Yemen Army foils Houthi attempt to take over Taiz

The city of Taiz has seen the bloodiest battles between government forces and the militias since early 2015. (AFP)
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Updated 14 February 2020

Yemen Army foils Houthi attempt to take over Taiz

  • Several Iranian-backed militants killed while trying to lay siege on city

AL-MUKALLA: Dozens of Houthi militants have been killed in Yemen’s southern city of Taiz as the Iran-backed militias push to break army’s lines of defenses and to reimpose their siege on the city, an army spokesperson told Arab News on Wednesday.

Col. Abdul Basit Al-Baher said attacks on government forces on all fronts around the city had escalated in an attempt to make a major breakthrough.

“The national army has foiled all attempts to make gains,” Al-Baher said, adding that loyalist forces had also shelled a Houthi training camp in the west of the city.

The city of Taiz has seen the bloodiest battles between government forces and the militias since early 2015, when the rebels moved a large number of forces from Sanaa to bring the city under their control. 

Despite their numerical advantage, the Houthis failed to push into the city’s downtown area, limiting them to the outskirts where they imposed a siege that brought Taiz to the edge of starvation.

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Despite their numerical advantage, the Houthis failed to push into the city’s downtown area, limiting them to the outskirts where they imposed a siege that brought Taiz to the edge of starvation.

Government forces have managed to recapture the western edge of the city and reopened a strategic road that linked the city with the southern port of Aden, which enabled the government to funnel vital humanitarian and military supplies to the city’s inhabitants.

Al-Baher said the Houthis had launched simultaneous attacks on the edges of the city for the first time in months.

“Their recent attacks have focused on all fronts around the city,” he said, adding that at least 59 Houthis and nine loyalists were killed in the latest clashes. Al-Baher also said that if the Houthis successfully laid siege again, it would put the lives of tens of thousands of people at risk.

In the southern province of Abyan, a government soldier was killed and several others injured when missiles fired by militiamen exploded inside their military base in the district of Lawder on Tuesday, local media said.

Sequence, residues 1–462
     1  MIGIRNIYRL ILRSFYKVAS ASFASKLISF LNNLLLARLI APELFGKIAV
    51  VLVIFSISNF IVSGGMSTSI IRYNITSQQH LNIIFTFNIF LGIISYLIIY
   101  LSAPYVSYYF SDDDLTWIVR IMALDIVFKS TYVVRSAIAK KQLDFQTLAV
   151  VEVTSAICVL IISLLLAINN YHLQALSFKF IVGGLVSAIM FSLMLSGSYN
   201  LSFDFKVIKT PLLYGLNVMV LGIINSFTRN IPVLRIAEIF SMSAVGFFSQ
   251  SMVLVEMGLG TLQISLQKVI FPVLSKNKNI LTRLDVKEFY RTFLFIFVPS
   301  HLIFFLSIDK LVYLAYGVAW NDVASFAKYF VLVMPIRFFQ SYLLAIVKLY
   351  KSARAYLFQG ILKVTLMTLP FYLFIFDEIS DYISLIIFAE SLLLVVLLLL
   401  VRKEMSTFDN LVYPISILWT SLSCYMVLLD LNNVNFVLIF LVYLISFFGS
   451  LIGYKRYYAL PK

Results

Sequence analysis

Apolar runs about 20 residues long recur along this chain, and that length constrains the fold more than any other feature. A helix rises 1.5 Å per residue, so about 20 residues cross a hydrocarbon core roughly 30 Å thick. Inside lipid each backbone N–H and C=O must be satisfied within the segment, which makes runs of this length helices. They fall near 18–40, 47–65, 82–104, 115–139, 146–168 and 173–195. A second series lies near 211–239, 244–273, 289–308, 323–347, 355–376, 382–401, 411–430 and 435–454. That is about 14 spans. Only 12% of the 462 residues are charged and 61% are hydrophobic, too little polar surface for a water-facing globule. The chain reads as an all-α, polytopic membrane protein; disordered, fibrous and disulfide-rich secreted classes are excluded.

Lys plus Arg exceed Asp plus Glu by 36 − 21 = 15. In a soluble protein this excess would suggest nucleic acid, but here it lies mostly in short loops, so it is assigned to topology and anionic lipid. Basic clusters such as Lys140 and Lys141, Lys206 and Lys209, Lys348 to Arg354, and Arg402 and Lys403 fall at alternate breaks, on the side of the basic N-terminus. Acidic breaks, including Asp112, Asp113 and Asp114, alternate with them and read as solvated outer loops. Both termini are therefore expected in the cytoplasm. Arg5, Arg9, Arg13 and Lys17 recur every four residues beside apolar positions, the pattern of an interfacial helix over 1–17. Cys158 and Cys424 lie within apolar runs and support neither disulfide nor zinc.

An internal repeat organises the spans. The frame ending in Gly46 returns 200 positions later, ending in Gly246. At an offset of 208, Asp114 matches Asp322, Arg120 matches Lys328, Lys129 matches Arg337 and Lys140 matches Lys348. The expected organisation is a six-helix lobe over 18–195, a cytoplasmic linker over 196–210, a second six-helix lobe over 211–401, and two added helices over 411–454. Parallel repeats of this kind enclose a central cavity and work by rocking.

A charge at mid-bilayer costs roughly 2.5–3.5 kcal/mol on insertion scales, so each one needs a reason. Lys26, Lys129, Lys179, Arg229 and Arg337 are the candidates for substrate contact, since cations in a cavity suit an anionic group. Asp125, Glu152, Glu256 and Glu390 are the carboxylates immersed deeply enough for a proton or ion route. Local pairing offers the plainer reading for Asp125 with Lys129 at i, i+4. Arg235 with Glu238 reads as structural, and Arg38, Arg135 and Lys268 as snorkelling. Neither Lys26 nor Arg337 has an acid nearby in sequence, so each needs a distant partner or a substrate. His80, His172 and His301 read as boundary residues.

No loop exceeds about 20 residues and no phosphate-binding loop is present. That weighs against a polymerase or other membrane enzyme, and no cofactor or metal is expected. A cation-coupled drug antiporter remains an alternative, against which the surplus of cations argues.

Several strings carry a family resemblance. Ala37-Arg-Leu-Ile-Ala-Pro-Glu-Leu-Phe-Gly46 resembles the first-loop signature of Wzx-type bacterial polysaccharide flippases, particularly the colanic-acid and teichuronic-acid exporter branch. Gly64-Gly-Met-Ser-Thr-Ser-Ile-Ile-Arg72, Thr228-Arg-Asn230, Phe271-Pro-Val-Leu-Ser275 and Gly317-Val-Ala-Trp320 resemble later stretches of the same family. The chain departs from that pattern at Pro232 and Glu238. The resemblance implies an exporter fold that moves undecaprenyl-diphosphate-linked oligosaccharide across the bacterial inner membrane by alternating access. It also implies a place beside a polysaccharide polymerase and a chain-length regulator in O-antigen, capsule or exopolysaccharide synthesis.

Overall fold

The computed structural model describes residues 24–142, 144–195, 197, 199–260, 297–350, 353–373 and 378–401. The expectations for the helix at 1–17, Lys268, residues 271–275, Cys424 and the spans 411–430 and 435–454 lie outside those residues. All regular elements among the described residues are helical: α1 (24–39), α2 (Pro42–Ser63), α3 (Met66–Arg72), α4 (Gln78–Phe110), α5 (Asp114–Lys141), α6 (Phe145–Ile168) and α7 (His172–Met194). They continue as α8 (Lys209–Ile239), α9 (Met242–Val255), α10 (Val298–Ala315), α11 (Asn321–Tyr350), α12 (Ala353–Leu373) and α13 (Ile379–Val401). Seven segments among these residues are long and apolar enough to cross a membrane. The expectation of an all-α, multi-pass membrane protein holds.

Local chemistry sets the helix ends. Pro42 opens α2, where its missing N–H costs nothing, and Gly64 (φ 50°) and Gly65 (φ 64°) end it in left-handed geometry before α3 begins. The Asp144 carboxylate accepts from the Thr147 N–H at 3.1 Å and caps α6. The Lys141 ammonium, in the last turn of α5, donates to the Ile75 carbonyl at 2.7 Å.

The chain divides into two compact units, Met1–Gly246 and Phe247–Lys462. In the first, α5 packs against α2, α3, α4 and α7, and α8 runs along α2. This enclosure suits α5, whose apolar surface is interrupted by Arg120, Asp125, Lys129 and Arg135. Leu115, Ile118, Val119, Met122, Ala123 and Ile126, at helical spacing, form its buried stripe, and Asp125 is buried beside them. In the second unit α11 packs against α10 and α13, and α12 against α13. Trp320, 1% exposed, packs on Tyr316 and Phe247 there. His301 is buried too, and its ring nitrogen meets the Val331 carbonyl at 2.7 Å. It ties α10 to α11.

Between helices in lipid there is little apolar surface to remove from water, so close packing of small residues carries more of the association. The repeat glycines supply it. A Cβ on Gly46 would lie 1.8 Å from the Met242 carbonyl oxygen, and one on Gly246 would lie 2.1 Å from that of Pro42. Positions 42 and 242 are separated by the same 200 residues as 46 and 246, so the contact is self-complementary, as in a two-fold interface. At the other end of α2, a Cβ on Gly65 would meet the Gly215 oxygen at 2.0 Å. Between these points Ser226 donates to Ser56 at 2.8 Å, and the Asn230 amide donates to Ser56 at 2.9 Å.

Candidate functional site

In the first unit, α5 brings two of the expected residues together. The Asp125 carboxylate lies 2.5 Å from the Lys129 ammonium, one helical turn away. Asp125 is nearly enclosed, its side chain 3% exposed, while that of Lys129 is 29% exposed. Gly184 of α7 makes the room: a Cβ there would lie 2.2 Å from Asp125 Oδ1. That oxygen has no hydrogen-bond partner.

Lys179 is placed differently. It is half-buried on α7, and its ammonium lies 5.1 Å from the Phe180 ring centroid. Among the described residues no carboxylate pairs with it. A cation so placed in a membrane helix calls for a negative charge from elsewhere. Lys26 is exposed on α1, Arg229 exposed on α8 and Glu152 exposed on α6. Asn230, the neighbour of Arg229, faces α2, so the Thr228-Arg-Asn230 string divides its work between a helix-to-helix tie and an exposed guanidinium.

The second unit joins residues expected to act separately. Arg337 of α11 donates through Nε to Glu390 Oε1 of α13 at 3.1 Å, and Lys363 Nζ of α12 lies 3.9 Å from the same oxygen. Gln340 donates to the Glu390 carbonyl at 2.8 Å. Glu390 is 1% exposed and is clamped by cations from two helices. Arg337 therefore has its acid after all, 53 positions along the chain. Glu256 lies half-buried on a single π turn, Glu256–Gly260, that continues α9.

Fighting was also reported in the northern province of Jawf, where government forces attacked Houthi positions under air cover from the Saudi-led coalition.

Hospitals attacked

Local health authorities in the province of Marib have said that three health facilities, out of the region’s 12, had been completely destroyed by Houthi shelling over the last five years.

The remaining nine facilities had all been damaged by fighting, and seven health workers had been killed in different districts in Marib, according to the provincial office of the Ministry of Health.

Houthi missile and mortar fire has killed hundreds of civilians and soldiers in Marib over the last several months.


Algeria says France to return remains of 24 resistance fighters

Updated 02 July 2020

Algeria says France to return remains of 24 resistance fighters

  • Tebboune said some of the remains belonged to “leaders” of the resistance movement who were killed in the 19th century

ALGIERS: Algerian President Abdelmadjid Tebboune on Thursday said France will return the remains of 24 resistance fighters who were killed during its colonization of the North African country.
“Within a few hours Algerian military planes will fly in from France and land at the Houari Boumediene international airport with the remains of 24 (members) of the popular resistance,” Tebboune said during a military ceremony.
Tebboune said some of the remains belonged to “leaders” of the resistance movement who were killed in the 19th century fighting against France which occupied and ruled Algeria for 132 years.
In his speech, Tebboune said these resistance fighters “had been deprived of their natural and human right to be buried for more than 170 years.”
One of the leaders whose remains are to be returned is Sheikh Bouzian, who was captured in 1849 by the French, shot and decapitated.
The remains of two other key figures of the resistance — Bou Amar Ben Kedida and Si Mokhtar Ben Kouider Al Titraoui — are also among those expected back in Algeria.
The country won independence from France in 1962 after eight years of bitter war that left some 1.5 million Algerians dead.
Emmanuel Macron, the first French president to be born after the war, made his first official visit to Algeria in December 2017, announcing that he came as a “friend” despite France’s historically prickly ties with its former colony.
At the time he told news website Tout sur l’Algerie that he was “ready” to see his country hand back the skulls of Algerian resistance fighters.
Algerian and French academics have long campaigned for the return of 37 skulls held at the Musee de l’Homme in Paris.
In December 2019, Macron said that “colonialism was a grave mistake” and called for turning the page on the past.
During his presidential election campaign Macron had created a storm by calling France’s colonization of Algeria a “crime against humanity.”